I’ve been struggling with writing this for a couple of weeks now, but ever since I saw the article over on TechCrunch entitled We Need To Talk About Depression it has been on my mind.
The article talks about some of the stigma associated with depression and mental health in a startup company.
Building a startup is like climbing a mountain and being told you’ll only get the gear you need–harnesses, helmets, bottled oxygen–as you struggle toward the peak. Long hours away from family, responsibility to investors and users, and the fear of failure are extremely stressful and they sometimes coalesce into something more severe.
I’m not a startup founder, but as a TechCrunch writer I’ve gotten to know many, some quite well, and I’ve seen how entrepreneurship can put even the most optimistic people at risk for depression.
It got me thinking about the tech world in general. There are certain stereotypes about tech workers; we work long hours, have no social life, deal with highly stressful situations putting out all of the technical fires that happen within our organizations, etc. Those stereotypes, unfortunately, also turn into expectations. I have always thought that was one of the bigger problems with attracting females to an IT career, this sense that they would be expected to work long hours, be on call for emergencies, and non-emergencies, 24 hours a day, 7 days a week, 365 days a year, etc. (Granted, there are many other reasons why there are a lack of females in the tech world, but this is not an article about that)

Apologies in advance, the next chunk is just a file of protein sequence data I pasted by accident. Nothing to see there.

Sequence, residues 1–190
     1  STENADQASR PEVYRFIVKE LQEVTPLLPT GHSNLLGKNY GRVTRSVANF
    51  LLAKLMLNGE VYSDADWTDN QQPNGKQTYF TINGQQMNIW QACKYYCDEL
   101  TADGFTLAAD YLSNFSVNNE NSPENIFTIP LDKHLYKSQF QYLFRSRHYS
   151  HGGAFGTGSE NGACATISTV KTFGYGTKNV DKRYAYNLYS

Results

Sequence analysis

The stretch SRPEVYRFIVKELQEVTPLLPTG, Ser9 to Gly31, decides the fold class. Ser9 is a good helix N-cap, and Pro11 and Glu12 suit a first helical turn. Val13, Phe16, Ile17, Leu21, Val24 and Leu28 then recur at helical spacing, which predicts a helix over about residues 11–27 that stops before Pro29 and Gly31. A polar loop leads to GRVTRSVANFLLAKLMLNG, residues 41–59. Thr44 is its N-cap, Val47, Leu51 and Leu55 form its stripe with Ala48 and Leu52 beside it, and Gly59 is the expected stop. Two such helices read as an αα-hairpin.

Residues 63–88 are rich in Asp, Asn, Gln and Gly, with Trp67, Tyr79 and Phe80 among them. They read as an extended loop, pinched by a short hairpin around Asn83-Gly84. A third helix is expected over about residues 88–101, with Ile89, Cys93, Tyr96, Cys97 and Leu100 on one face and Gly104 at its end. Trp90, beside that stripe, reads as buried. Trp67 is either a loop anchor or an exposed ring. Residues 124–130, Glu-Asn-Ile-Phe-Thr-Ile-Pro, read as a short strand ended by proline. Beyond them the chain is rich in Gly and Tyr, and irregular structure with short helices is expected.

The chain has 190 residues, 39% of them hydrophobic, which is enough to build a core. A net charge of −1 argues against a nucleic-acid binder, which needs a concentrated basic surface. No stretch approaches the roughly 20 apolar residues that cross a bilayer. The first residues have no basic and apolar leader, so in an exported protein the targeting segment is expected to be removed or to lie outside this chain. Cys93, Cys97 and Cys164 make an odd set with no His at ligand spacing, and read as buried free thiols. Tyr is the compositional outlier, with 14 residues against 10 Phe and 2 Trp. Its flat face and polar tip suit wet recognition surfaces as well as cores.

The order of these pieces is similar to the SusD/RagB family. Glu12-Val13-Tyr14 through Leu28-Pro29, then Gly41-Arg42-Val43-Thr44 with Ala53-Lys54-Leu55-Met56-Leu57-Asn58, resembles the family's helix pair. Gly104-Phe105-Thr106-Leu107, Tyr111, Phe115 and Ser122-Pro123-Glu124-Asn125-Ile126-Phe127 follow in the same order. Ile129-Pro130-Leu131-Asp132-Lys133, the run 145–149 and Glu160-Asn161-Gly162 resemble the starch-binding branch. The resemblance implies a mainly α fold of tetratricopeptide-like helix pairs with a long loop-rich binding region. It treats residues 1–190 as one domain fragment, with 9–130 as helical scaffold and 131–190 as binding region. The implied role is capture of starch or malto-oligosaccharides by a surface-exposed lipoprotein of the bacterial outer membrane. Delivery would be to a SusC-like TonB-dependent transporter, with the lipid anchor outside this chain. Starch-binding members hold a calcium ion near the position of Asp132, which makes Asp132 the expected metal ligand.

Those expectations would make it difficult for someone dealing with depression as well. As John Grohol stated in response to the above article:
Indeed. When you’re young and feel like you have endless energy, working 80 hours a week (and getting paid for 40) seems like a good idea. But it’s not. It eventually catches up to you, stresses you out, and throws your entire life out of balance.
Some of the articles written around this topic sound like thinly-veiled excuses for the discrimination and prejudice that many have experienced in startup cultures. That because these environments are stressful and demanding, it somehow excuses discrimination and stigma of mental illness.
Here’s where it gets personal to me. I’ve struggled with depression. I’ve attempted suicide before. Sure it’s been years, but this is something that I know I have to be on the lookout for every single day of my life. It’s also something that, while I freely discuss it on my other site, I don’t often discuss professionally. Continue readingTags: Career, Culture, Facebook, IT Department, Ohio, Training